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Current approaches to dealing with burnouts in doctors on an individual case-by-case basis are not effective. According to recent research at the Universities of Manchester and Southampton, the issue should instead be tackled with organisation-wide initiatives.

A meta-analysis study, which brought together the results of previously conducted research, was carried out to explore the effectiveness of interventions in reducing burnout in doctors. It explored the comparison between doctor-directed interventions that target the individual and organisation-directed interventions that target the working environment. The strength of the doctor’s experience and the particular healthcare setting they worked in was also assessed.

The research concluded that while doctor-focused tactics such as mindfulness and cognitive behavioural are important, the greatest success at preventing and reducing burnout in doctors can be achieved through the adoption of organisation-directed approaches such as improved working environment and organisational culture.

Burnout is a major problem in the healthcare industry and is often driven by excessive workload, imbalance between job demands and skills, a lack of job control and prolonged stress. It is a syndrome consisting of emotional exhaustion, depersonalisation, and a diminished sense of personal accomplishment. Importantly, burnout can result in an increase in medical errors, reduced quality of patient care, and lower patient satisfaction.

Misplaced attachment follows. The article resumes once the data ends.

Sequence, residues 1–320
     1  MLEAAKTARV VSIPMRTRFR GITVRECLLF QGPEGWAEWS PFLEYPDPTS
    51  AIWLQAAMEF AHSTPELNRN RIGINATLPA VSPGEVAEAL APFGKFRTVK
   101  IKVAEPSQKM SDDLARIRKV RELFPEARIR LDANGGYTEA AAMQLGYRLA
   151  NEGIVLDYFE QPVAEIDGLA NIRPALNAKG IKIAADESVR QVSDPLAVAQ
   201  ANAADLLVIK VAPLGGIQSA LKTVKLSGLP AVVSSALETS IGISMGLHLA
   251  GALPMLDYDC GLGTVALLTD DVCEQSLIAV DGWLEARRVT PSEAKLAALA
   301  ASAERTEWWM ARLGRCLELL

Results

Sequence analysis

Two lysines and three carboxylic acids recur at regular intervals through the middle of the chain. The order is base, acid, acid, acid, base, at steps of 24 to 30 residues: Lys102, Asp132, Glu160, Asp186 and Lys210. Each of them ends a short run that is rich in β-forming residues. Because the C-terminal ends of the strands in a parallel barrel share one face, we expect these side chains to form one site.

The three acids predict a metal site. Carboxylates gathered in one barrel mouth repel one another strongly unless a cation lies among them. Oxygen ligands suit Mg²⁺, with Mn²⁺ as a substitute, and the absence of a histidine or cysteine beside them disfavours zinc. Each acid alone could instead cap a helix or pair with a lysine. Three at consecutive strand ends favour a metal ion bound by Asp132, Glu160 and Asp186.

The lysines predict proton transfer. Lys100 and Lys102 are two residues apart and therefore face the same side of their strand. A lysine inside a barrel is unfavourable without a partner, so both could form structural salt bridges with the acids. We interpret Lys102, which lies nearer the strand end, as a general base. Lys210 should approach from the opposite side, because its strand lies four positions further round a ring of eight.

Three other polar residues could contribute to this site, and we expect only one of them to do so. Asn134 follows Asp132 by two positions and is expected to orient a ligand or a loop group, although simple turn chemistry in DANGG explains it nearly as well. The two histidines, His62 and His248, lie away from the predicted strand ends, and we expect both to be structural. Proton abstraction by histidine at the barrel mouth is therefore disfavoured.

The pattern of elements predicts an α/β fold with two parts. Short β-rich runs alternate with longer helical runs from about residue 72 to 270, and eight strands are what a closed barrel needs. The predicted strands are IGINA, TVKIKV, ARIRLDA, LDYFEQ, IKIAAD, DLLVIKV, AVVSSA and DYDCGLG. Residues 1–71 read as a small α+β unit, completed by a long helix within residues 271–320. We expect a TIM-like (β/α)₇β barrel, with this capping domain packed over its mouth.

Our findings clearly show that we need more effective intervention models to prevent burnout in doctors. Such models could be organization-directed interventions which promote healthy individual-organization relationships and view burnout a problem of the whole healthcare systems."
Dr Maria Panagioti, Research fellow in Primary Care at the University of Manchester

Read the full press release from the University of Manchester.

Publication: Controlled Interventions to Reduce Burnout in Physicians A Systematic Review and Meta-analysis